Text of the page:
Congress Continues 2010 Funding for DOT and Other Federal Agencies Through December 3rd with Continuing Resolution (CR)

Congress Continues 2010 Funding for DOT and Other Federal Agencies Through December 3rd with Continuing Resolution (CR)

On September 30, the last day of the 2010 Federal Fiscal Year, the U.S. Congress sent the President legislation (which he has signed) funding the federal government at 2010 authorized levels on a temporary basis until December 3rd.

The Congress has recessed until after the mid-term elections and will reconvene on November 15 for a lame duck session that could run until well into December.  In this session, Congress will wrap up all 12 federal agency funding bills, including the DOT, into one “omnibus” appropriations bill rather than consider each one separately.

Since a reauthorization bill has not yet been enacted, the CR funds MCSAP and other state safety grant programs at the maximum SAFETEA-LU authorized levels as has been the case for the 2010 FY.  However, it is expected that FMCSA will receive an extra $20 million over SAFETEA-LU limits to assist in the implementation of CSA 2010 since both the House and Senate DOT/HUD Appropriations Subcommittees approved this increase.

CR Did Not Renew or Make Permanent the Maine and Vermont Size and Weight Pilot

Despite reports that the Obama Administration had asked Congress to make this pilot permanent in the CR, it did not happen.  The pilot would allow trucks operating on the Interstate Highway System in these states to exceed the current federal weight limit of 80,000 lbs.  However, there is still a possibility that language making the pilots permanent may be included in the “omnibus” appropriations bill.

CVSA had recommended to the Senate Appropriations Committee and Secretary of Transportation LaHood that if the pilot is extended, specific criteria for implementing the pilot should be developed that would enhance the pilot and allow for the collection of the safety and other pertinent data consistent with CVSA’s current size and weight reauthorization policy.  Since this enhancement language was not in the Senate Appropriations Committee as reported out of the Committee, it is unlikely that it will be added in the omnibus appropriations bill.  However, CVSA’s Size and Weight Committee has been engaged with FHWA and FMCSA on this issue and FHWA is working with enforcement officials in both Maine and Vermont on various aspects of the pilot.  The enhancement of the pilot may well be accomplished administratively through the efforts of FHWA working with state officials and industry.

Over and above the Maine/Vermont pilot, size and weight is sure to be an issue in the next reauthorization bill.  This summer, Senate Bill 3705 was introduced by Senators Collins of Maine, Crapo of Idaho, and Kohl of Wisconsin.  It is identical to HR 1799, introduced in the House last year by Rep. Michaud of Maine allowing all states to authorize the operation of trucks up to 97,000 lbs. on their Interstate highways.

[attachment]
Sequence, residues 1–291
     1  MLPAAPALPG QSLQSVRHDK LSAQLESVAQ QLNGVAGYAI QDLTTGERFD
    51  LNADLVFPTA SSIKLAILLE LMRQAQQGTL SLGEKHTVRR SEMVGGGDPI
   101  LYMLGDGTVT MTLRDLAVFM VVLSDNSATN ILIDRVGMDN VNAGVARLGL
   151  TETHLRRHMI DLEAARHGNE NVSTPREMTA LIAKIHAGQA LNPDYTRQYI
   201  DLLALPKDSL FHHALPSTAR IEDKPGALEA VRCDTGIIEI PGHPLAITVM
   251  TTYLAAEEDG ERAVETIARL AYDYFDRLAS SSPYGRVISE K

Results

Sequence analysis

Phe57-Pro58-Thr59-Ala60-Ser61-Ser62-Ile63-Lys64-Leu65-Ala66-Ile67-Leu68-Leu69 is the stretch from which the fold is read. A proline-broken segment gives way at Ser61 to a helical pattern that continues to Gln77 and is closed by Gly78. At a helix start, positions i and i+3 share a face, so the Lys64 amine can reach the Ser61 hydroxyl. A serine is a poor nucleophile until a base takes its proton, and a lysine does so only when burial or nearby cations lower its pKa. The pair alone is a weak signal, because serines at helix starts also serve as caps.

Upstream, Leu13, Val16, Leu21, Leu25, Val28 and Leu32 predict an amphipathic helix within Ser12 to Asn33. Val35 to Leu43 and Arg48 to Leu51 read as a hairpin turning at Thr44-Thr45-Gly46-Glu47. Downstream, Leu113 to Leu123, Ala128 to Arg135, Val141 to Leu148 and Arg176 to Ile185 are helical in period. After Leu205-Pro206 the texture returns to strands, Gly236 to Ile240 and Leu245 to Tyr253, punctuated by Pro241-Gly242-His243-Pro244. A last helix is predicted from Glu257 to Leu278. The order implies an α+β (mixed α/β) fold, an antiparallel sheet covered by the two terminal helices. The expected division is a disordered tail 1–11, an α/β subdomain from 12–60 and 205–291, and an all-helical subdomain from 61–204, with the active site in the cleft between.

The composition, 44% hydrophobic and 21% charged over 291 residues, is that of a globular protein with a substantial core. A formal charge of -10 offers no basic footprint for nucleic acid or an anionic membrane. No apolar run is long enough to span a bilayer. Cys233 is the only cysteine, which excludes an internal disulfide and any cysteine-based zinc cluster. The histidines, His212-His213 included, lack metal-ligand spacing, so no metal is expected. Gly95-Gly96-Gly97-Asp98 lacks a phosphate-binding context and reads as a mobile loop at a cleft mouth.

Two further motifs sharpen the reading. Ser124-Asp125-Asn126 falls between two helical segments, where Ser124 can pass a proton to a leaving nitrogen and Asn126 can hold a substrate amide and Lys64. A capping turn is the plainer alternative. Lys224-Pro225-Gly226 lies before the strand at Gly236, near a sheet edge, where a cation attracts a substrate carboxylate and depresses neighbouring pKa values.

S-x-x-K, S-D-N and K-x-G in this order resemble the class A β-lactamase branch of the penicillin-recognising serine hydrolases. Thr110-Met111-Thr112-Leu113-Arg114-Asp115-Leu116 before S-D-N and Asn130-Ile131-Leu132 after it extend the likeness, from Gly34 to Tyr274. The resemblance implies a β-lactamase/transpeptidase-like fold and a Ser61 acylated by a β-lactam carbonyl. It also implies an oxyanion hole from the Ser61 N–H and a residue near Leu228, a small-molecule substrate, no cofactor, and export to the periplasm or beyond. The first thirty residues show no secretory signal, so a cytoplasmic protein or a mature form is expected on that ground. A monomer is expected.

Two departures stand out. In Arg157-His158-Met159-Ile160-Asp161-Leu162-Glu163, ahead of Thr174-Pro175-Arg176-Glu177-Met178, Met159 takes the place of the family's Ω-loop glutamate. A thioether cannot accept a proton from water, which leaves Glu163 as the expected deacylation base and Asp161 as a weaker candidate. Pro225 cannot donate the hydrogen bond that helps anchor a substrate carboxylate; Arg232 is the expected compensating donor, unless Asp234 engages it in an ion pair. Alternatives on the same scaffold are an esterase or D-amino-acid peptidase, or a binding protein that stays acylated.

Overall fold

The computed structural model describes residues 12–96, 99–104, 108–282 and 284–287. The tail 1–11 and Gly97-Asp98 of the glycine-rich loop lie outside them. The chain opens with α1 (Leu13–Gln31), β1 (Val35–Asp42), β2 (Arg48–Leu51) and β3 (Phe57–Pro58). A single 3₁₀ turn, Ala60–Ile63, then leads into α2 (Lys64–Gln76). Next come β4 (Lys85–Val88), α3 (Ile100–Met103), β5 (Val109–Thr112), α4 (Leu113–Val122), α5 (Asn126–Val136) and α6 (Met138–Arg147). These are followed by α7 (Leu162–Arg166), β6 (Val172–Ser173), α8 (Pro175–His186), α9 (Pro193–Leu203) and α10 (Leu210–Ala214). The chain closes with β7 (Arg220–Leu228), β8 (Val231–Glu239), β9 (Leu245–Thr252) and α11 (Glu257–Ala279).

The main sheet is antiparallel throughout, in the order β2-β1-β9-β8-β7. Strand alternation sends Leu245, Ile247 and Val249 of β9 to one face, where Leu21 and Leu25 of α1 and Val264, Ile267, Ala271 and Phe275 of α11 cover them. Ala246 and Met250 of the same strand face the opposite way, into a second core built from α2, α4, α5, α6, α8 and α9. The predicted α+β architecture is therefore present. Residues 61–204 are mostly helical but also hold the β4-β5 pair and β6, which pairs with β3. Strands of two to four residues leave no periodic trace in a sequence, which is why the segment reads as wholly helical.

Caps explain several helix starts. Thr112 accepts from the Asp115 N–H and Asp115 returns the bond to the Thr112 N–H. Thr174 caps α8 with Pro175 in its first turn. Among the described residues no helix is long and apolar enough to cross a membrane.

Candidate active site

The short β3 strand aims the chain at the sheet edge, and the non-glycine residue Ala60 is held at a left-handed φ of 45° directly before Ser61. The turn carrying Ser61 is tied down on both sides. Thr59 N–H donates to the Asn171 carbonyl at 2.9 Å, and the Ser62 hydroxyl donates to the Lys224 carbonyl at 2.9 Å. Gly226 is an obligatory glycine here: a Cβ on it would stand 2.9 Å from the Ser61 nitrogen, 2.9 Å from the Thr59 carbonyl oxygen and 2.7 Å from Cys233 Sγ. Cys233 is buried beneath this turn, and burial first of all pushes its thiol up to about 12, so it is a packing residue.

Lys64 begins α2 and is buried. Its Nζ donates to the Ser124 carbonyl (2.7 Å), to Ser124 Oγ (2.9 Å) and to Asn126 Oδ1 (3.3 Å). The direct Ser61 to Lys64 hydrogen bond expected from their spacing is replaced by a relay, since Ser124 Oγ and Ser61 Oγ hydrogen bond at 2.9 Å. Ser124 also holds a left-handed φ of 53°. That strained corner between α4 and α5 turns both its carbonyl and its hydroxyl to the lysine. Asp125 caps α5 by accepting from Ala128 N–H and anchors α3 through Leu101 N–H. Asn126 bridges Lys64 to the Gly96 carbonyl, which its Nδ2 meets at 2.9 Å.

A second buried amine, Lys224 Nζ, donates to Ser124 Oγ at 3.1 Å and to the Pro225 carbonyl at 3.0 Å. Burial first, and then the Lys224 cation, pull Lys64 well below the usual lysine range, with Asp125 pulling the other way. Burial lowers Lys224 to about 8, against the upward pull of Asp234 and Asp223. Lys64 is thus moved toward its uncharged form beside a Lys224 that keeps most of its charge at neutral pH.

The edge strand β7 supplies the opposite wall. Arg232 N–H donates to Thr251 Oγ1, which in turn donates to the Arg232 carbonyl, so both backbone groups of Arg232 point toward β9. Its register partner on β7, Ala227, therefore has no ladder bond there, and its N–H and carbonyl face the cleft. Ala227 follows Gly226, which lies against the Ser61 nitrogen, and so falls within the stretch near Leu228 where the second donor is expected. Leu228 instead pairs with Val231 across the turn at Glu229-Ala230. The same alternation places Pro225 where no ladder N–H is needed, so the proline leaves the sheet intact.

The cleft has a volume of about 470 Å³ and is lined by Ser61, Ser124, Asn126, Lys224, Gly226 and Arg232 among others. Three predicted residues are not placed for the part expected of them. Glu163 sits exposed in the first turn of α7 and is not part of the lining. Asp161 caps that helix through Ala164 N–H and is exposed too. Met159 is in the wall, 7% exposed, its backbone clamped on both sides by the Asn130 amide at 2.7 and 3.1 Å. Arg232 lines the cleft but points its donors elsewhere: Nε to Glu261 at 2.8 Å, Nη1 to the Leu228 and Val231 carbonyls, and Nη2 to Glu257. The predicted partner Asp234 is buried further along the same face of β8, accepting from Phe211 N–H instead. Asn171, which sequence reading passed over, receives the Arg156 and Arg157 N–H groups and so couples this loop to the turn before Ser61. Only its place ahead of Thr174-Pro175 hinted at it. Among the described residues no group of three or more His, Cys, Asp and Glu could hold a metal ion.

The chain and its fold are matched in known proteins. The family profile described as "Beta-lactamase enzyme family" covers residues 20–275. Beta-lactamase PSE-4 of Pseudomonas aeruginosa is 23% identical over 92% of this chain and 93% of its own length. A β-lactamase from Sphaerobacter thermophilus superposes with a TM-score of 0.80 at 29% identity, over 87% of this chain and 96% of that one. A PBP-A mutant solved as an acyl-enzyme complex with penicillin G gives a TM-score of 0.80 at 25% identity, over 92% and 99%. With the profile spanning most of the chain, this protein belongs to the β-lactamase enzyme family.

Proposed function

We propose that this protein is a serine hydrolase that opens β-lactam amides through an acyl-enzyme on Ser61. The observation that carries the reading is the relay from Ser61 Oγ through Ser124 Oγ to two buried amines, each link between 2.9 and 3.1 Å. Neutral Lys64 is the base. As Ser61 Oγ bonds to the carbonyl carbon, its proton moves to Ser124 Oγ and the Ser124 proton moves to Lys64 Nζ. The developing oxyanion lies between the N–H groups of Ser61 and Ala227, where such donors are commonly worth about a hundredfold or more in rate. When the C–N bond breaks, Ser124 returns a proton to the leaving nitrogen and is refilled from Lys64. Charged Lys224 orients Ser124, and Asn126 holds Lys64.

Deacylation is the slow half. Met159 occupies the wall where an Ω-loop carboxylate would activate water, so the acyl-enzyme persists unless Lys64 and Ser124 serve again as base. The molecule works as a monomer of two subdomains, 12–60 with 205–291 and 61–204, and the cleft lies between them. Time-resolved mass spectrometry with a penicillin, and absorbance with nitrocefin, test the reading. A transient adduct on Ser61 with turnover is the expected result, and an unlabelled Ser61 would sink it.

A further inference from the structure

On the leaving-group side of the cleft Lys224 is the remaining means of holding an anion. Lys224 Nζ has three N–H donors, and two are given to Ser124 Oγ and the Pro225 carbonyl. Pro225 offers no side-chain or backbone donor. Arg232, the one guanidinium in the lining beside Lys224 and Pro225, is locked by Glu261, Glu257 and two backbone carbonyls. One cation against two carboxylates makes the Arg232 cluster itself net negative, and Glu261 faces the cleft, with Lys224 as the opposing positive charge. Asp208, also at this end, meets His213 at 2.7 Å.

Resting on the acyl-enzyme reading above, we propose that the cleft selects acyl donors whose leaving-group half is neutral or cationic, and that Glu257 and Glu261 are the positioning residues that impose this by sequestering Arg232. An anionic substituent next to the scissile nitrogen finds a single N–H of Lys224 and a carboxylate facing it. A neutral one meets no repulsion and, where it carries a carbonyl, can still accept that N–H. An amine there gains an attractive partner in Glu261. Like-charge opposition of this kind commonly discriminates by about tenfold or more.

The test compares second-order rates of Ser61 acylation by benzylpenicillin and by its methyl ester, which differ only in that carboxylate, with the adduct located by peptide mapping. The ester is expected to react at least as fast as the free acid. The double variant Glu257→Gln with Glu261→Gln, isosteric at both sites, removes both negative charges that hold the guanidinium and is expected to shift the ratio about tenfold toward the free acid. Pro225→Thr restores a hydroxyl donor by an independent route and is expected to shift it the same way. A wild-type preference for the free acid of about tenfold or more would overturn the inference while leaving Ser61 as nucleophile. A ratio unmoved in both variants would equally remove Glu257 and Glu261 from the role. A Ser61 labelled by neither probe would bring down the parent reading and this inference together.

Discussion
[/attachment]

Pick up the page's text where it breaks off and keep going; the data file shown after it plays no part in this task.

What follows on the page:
Bus Safety Bill is a Priority on the Senate’s Agenda

As reported in our Legislative Update of December 17, 2009, the Senate Commerce Committee reported out S. 554, the Motorcoach Enhanced Safety Act in December of 2009.  It is ready to be brought to the floor of the Senate at anytime, and may well be up for a vote in advance of the reauthorization bill.  On the day before the Senate recessed last week for the mid-term elections, the bus safety bill was ‘hotlined” meaning that it could come up for a Senate vote under “unanimous consent” with only a voice vote required.  However, it can only be brought to the floor if all 100 Senators agree ahead of time.  Under this process, any Senator can place a “hold” on the bill preventing a floor vote.  In this instance, one Senator did.  In any event, the bus safety bill came close to passing the Senate and it may well come up for consideration again in the lame-duck session.

Cross Border Trucking Program with Mexico Still on Hold

The 2011 DOT Appropriations bill (now on hold until December 3) as reported out of Committee earlier this year, had directed the DOT to report on a cross-border trucking program with Mexico by October 1st.  Obviously, this timetable cannot be met due to the fact that the 2011 DOT Appropriations is on hold at least until December 3rd.  Nevertheless, it appears Congress will continue to press this issue since Mexico has placed tariffs on many U.S. agricultural products because the border has not yet opened.

UCR Fee Schedule to Remain Unchanged in 2011

At its August 12 meeting, the UCR Board voted to keep the new 2010 fee structure in place for the calendar year 2011.

Truck Safety Technology Bill ( H.R. 2024 and S. 1532.) Continues to Draw Support